In many cases, the repair strategy by using sacrificial anodes for cathodic protection in real RC structures requires additional zinc anodes after several years due to the decreasing protective area. This experimental study evaluates the effectiveness of time lag application of sacrificial anode cathodic protection applied to RC beam specimens that deteriorated severely due to chloride attack. In the experiment, sacrificial anodes and cathodic protection (SACP) were applied to 41-year-old RC beam specimens exposed to natural marine environments in which the embedded steel bars were significantly corroded. The repair work was performed in three stages. Instant-off and rest potential tests of steel bars were conducted periodically to demonstrate the time-dependent depolarization value. In the first stage, a polymer-modified mortar as a patch repair material was cast to replace the concrete in the middle tensile part with small sacrificial anodes embedded in the mortar. After the protective current reaches an equilibrium state, the sacrificial anodes are disconnected from the steel bars for a year, defined as the second stage. During the one year in the second stage, the steel bar in the patch repair area remained passive, without any sign of corrosion. As for the third stage, additional sacrificial anodes were installed in the existing concrete part to protect the steel in it. From one year of observation after applying sacrificial anodes to old concrete parts, the time lag SACP application of both in patch and non-patch repair parts was clarified to be effective in stopping the corrosion of steel bar in both parts until 20–30 years based on the service life prediction.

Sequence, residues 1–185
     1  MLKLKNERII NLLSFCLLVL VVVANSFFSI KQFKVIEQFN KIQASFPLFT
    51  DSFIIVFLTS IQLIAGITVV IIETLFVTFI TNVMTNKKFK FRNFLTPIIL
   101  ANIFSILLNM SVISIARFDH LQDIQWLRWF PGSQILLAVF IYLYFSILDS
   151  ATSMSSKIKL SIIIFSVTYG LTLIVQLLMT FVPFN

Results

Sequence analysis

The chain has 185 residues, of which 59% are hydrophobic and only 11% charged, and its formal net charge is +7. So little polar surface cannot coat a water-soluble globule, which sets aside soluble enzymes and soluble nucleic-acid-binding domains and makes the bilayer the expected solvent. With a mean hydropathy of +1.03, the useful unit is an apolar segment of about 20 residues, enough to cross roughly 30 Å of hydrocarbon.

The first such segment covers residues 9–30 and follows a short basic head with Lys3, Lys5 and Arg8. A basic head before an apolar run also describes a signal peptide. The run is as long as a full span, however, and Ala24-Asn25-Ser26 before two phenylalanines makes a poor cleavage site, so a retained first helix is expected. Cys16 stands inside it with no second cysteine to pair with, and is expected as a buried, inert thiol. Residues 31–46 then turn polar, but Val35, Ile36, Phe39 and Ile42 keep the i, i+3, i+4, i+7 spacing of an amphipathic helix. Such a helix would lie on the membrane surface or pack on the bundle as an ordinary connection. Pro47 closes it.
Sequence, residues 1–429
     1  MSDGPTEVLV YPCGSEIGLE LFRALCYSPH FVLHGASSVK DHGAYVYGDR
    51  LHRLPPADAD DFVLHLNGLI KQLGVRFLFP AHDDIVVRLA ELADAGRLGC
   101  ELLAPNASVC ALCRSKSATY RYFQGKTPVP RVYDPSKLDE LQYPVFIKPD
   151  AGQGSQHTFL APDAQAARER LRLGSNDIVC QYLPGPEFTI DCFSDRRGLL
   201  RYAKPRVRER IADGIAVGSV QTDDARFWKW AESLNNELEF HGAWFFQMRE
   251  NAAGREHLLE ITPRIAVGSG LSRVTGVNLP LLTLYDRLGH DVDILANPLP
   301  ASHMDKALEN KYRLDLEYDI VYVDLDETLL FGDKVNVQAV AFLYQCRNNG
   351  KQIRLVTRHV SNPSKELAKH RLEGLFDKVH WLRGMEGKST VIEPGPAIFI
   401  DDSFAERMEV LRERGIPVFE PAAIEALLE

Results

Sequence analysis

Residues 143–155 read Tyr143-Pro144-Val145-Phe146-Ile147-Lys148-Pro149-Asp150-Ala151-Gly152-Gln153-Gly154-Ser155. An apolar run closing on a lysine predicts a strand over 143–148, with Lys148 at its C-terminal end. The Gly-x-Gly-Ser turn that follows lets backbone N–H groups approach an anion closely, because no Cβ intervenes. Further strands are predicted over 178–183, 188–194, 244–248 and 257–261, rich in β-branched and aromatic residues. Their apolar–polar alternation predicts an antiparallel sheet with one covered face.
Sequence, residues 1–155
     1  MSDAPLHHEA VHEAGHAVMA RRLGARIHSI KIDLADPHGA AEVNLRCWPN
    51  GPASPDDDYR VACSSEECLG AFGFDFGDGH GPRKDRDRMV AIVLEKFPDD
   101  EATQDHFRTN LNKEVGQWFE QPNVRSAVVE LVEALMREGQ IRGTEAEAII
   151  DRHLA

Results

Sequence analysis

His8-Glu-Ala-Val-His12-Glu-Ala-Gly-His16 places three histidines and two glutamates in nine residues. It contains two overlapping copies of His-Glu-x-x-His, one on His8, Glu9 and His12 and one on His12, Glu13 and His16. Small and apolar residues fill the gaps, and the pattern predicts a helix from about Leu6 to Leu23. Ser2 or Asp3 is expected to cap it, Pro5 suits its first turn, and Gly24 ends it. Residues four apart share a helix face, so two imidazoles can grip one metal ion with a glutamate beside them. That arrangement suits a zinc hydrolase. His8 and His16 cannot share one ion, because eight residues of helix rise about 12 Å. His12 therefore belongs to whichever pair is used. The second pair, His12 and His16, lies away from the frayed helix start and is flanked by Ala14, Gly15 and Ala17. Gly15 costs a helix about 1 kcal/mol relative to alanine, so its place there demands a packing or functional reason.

All Science Journal Classification (ASJC) codes
- Environmental Engineering
- Civil and Structural Engineering
- Building and Construction
- Geotechnical Engineering and Engineering Geology